Educated and Equipped: Motivating Today’s Youth to Become Tomorrow’s Clean Energy Leaders

By Stephanie von Numers

Students participate in the Junior Solar Sprint and Hydrogen Fuel Cell Car Competition at Dakota Ridge High School in Littleton, CO, on May 21, 2011. (Photo by Dennis Schroeder)

Department of Energy joins the push to promote STEM education

The following post was submitted by our friends at the Department of Energy. The Corporation for National and Community Service is proud to support federal agencies as they join us in the effort to promote STEM education initiatives across the nation.

Ensuring students know the basics in science, technology, engineering, and mathematics (STEM) is one of the keys to moving our clean energy economy forward.

STEM-literate workers are the engineers who design solar panels and wind turbines. They are the computer programmers who develop software to solve problems and help increase the energy efficiency of buildings and industrial plants. Chemists create enhanced materials, while statisticians spot energy consumption trends and predict future peak demand. And it all starts with teaching STEM topics to students.

Using a multitude of resources—videos, lesson plans, competitions, web and social media, and hands-on activities—the U.S. Department of Energy (DOE) promotes and encourages STEM, as highlighted below:

  • National Science Bowl ®– Hosted by DOE’s Office of Science, this annual competition tests middle and high school students on their math and science knowledge and problem-solving abilities.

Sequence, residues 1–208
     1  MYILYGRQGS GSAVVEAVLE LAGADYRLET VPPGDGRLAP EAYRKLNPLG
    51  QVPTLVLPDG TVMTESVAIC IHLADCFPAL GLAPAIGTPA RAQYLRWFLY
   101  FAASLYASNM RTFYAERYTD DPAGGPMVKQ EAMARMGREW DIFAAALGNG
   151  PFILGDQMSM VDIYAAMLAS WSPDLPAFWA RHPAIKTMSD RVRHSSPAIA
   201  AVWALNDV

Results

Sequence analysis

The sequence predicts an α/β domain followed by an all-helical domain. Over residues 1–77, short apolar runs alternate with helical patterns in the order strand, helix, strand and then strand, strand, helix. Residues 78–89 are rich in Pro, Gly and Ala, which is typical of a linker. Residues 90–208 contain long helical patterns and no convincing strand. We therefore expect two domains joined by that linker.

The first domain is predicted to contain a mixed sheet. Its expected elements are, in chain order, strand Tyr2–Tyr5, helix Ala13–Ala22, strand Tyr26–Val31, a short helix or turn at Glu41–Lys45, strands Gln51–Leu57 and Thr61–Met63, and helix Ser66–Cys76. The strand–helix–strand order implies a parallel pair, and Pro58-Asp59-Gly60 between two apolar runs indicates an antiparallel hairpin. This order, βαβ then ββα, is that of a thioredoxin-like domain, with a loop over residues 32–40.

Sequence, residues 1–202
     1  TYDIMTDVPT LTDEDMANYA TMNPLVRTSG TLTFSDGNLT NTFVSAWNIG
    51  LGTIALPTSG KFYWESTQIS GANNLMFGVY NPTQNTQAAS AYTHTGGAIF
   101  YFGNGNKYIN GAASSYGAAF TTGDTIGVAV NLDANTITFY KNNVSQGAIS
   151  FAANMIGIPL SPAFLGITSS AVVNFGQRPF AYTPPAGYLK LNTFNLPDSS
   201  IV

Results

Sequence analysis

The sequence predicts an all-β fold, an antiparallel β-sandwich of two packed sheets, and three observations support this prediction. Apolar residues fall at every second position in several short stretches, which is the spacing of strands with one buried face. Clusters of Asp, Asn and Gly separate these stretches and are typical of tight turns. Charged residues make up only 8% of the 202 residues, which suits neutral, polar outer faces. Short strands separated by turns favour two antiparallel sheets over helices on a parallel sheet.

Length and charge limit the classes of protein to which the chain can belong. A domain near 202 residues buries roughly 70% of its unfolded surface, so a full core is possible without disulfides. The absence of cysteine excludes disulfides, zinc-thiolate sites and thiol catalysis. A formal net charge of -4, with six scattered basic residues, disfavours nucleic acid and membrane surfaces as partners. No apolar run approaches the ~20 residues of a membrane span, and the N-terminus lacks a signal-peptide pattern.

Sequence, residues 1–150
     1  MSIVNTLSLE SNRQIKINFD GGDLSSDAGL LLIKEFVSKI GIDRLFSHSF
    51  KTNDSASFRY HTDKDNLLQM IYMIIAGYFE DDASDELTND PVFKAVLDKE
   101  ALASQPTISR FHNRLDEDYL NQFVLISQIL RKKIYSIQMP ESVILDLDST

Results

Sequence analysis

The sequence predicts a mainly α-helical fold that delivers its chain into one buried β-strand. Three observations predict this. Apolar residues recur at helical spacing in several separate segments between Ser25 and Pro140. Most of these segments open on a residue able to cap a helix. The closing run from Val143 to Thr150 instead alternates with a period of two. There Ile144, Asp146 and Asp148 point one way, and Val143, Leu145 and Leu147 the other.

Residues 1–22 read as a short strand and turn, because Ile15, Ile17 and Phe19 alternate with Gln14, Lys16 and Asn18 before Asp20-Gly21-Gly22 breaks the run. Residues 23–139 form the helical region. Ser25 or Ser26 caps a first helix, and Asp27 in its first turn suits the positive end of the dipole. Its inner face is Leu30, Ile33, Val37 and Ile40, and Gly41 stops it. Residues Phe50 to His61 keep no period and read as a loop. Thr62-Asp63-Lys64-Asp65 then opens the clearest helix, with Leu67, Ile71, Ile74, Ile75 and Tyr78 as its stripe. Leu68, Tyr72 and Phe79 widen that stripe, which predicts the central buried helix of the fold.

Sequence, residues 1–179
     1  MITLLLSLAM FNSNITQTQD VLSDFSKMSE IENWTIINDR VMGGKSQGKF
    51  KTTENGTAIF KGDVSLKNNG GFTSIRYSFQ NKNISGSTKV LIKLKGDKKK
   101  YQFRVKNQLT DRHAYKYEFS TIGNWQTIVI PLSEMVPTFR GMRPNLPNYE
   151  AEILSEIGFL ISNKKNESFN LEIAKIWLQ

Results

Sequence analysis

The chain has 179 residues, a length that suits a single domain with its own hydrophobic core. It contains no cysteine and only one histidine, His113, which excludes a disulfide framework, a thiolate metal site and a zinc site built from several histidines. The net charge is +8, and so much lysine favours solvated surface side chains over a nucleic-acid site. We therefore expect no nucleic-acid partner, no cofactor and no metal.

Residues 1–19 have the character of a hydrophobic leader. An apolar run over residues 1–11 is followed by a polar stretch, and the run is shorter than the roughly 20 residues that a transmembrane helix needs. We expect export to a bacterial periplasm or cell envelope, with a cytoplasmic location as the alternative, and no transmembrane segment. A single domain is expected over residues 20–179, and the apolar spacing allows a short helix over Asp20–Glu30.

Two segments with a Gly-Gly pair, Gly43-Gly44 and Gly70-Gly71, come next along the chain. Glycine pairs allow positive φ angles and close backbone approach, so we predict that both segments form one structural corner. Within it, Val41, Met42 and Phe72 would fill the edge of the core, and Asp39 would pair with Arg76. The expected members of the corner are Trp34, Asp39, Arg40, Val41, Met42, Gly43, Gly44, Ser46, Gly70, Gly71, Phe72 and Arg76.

• Student Competitions –The Office of Energy Efficiency and Renewable Energy (EERE) leads several student competitions at both the K-12 and post-secondary levels, engaging students in clean energy topics such as solar power, wind power, and hybrid vehicles.
  • Explore Careers – EERE’s Education and Workforce Development website highlights information about the types of jobs, training, and future outlook of different clean energy sectors. View the Solar Career Map for examples of career pathways in the solar industry.
  • Women @ Energy – This Energy.gov series showcases talented women who work at DOE and the national laboratories, offering insights into what inspired them to pursue—and stick with—STEM careers.
  • Minorities in Energy Initiative – This initiative led by the Office of Economic Impact and Diversity (ED) aims to connect diverse stakeholders in an effort to increase opportunities for minorities in the energy sector. Find more STEM opportunities on ED’s website.
  • Energy Literacy Framework (ELF) – DOE led the development of the ELF, a multidisciplinary framework providing energy concepts that, if understood and applied, will help individuals and communities make informed energy decisions. ELF is endorsed by 13 federal agencies, was peer-reviewed by educators, and is being used for energy education across the country. The framework is also available in Spanish: Conocimiento de Energía.
  • Teach and Learn – EERE’s education website helps you teach your students the importance of energy while enhancing your required curriculum with standards-aligned content. Here you’ll find many creative lesson plans, labs, projects, videos, and other energy-related activities for grades K-12.

The nation’s youth form the foundation for tomorrow’s workforce. Our task is to inspire their passion in the STEM fields and guide our bright and increasingly diverse student base to pursue career paths that can improve our lives and preserve the environment.

To learn more, engage with the Department of Energy on social media via #energyliteracy and #STEM, or visit us at our website energy.gov/eere/education.

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Notes

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